Cross Country, Cross County

By Andrew Jarret

Glenshee is best known for its sprawling ski centre but this area is also popular with walkers who can take advantage of a high level promenade to tick off a number of Munros in a single outing.

The first snows of winter had arrived when visited in early December to test some new outdoor gear on three of the Munros on the east, or ''sunnyside'', of the A93. The drive up towards the ski centre from either side is always stunning, no matter what the weather. Instead of parking at the ski centre car park we travelled a little further on towards Braemar as we intended breaking ourselves in on the 3343 feet high Carn an Tuirc. A handy car park is provided near the bridge crossing the Cairnwell Burn but you have to be alert to spot the gap in the crash barrier at the side of the road.

Below the car park, cross an old stone bridge and follow the path alongside the Allt a Gharbh-choire and soon you will arrive at a picturesque waterfall which makes a lovely picnic spot in the summer. The track is boggy here and can become a little broken in places but the shapely peak of Carn an Tuirc is dead ahead and the path can be seen snaking steeply up its belly. The grassy lower slopes give way to springy heather and this mountain can be tackled by simply making a bee-line for the top if your legs and lungs are up to the job. As it was our first hill of the day we opted for a more leisurely zig-zag through the scree and it's always nice to stop to take in the view now and again!

Looking back across the A93, the summits of Cairnwell and Carn Aosda dominate the scene and we were also fortunate enough to have a clear enough view to the northwest where the Cairngorm massif sparkled in its winter coat.

With the flat, stony summit of Carn an Tuirc conquered, we left the summit cairn and headed across the plateau to a second stone marker a few hundred metres to the south east in order avoid losing too much height in the traverse to Cairn of Claise, the second Munro on the agenda. The tramp towards this 3491 feet high peak is fairly featureless and unrelenting but it isn't steep and the views are spectacular with Lochnagar, Cairn Bannoch and Broad Cairn in the distance to your left.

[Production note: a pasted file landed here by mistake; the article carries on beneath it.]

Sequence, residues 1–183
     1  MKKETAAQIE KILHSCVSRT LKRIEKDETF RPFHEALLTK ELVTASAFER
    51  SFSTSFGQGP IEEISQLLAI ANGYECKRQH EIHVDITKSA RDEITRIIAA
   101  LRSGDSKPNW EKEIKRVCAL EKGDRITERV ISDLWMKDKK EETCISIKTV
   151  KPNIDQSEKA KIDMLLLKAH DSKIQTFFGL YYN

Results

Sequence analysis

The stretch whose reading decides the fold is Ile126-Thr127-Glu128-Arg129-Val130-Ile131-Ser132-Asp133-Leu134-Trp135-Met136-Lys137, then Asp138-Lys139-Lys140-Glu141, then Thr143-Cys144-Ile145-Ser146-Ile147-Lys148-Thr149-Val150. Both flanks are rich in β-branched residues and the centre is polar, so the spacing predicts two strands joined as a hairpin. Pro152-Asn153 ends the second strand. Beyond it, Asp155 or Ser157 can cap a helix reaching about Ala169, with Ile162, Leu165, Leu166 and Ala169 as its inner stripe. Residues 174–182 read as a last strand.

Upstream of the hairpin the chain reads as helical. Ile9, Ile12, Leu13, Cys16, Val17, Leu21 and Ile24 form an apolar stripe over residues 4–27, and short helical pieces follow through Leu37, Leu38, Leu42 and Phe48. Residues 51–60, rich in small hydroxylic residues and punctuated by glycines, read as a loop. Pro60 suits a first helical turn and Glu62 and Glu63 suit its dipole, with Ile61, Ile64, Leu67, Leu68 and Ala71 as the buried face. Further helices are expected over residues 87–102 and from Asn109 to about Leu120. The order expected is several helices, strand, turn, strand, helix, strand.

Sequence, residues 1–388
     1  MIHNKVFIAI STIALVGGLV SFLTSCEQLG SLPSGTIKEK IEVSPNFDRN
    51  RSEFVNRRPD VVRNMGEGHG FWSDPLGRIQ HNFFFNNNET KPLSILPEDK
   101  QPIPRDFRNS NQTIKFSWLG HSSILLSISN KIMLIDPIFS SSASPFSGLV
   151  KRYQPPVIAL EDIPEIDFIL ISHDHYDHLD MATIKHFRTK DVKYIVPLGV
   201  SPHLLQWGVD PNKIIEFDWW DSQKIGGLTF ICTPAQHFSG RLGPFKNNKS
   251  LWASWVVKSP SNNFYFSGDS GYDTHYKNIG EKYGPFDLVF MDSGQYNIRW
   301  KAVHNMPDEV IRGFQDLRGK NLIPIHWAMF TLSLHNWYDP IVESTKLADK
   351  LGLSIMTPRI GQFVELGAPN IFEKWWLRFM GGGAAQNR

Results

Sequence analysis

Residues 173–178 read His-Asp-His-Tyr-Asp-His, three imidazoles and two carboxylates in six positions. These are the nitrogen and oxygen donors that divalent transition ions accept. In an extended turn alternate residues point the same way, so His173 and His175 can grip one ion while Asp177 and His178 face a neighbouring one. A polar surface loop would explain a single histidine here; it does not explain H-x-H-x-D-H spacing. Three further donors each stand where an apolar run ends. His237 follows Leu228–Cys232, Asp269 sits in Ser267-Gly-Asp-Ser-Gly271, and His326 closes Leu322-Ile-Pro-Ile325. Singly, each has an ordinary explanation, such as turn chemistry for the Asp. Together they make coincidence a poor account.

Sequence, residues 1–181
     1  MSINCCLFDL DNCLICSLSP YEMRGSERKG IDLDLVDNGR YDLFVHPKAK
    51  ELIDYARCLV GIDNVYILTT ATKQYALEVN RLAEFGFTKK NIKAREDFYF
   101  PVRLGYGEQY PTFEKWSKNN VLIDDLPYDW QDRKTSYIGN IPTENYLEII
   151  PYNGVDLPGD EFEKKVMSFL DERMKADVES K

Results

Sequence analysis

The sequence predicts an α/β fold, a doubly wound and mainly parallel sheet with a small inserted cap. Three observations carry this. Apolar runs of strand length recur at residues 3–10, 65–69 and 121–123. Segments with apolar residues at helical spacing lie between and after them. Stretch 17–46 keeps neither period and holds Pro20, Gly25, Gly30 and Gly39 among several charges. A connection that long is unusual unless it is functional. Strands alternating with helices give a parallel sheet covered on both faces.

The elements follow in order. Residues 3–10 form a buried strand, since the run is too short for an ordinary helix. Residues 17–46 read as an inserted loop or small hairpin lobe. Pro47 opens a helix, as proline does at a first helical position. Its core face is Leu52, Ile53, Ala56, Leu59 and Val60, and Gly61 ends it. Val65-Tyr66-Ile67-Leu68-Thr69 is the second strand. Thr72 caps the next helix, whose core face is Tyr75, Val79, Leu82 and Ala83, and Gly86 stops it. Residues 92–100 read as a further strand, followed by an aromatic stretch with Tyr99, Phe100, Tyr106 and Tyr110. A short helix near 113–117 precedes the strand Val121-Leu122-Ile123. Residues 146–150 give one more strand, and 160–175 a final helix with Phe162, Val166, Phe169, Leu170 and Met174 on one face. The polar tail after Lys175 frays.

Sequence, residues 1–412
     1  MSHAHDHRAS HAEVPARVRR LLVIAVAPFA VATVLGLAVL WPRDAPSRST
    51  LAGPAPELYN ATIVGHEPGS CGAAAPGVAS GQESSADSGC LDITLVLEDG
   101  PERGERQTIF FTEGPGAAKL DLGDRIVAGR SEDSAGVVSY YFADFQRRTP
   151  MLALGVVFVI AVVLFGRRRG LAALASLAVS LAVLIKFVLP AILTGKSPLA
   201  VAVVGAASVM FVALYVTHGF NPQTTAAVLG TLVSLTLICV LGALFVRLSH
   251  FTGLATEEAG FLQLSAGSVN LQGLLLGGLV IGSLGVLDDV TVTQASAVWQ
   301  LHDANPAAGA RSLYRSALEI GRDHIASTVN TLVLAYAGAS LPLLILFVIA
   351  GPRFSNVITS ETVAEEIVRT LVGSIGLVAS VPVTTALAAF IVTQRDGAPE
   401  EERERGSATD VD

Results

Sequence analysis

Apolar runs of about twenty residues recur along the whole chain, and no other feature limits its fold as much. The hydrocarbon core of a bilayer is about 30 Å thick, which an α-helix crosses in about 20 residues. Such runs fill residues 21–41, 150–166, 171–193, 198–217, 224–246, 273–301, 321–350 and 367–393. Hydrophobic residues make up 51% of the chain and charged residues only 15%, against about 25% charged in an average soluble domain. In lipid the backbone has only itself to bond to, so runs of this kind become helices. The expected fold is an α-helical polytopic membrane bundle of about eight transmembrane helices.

A steady hike of around 30 minutes duration should see you approaching the stone dyke which runs along the hill's summit ridge. We were extremely grateful for its shelter as we hunkered down beyond the tall summit cairn for lunch in a shimmering shower of ice crystals. The increasing gale and sub-zero temperatures meant that we didn't linger too long and happily dropped down a few hundred feet into the bealach to our left which offered better protection against the elements.

A track here is fairly easy to pick out, even under snow, and we had the added advantage of being able to cross the expanses of standing water by crunching over its frozen surfaces. Heading in a south westerly direction towards the obvious bulk of Glas Maol - the third Munro of the day - the track passes a wooden marker post with the almost vertical cliffs of Monega Hill to your left providing a startling alternative to the rounded hump ahead.

The track soon intercepts a line of old metal fence posts and these are easily followed up a rising slope which also brings one of the wooden ski fences into view on the right.

The summit itself is about half a kilometre past the top of the ski tow and the triangulation pillar is shielded by a drystane wall which was completely filled with snow on our visit. Those with a demented sense of humour can amuse themselves on the summit of the 3504 feet Glas Maol by jumping into three districts as the peak marks the boundaries of Angus to the east, Perth & Kinross to the west and Aberdeenshire to the north.

On a summer's day it is highly likely that you will want to add a fourth Munro to your card by descending via Creag Leacach but, as it was getting dark, we chose to make our way down the line of the Glas Maol ski tow and then followed the Allt Coire Fionn. It is worth noting that if you are following the left hand bank of the burn (as we were) you will need to cross it at some point (as we did) and take great care while doing so (err, we didn't!).

The stream leads all the way down to join the Cairnwell Burn and fortunately there is a little bridge made from metal piping just a stone's throw away from where you left your transport.


Distance 9 miles/14.4km.
Map OS Landranger sheet 43.
Start/parking Small car park just off the A93. GR: 149800.
Grading A fairly strenuous ascent of Carn an Tuirc followed by a much easier high level traverse of two adjoining Munros, Cairn of Claise and Glas Maol. In summer the route should present no particular problems to fit adults and older children but in winter a full range of protective clothing and the ability to use a map and compass accurately is a must.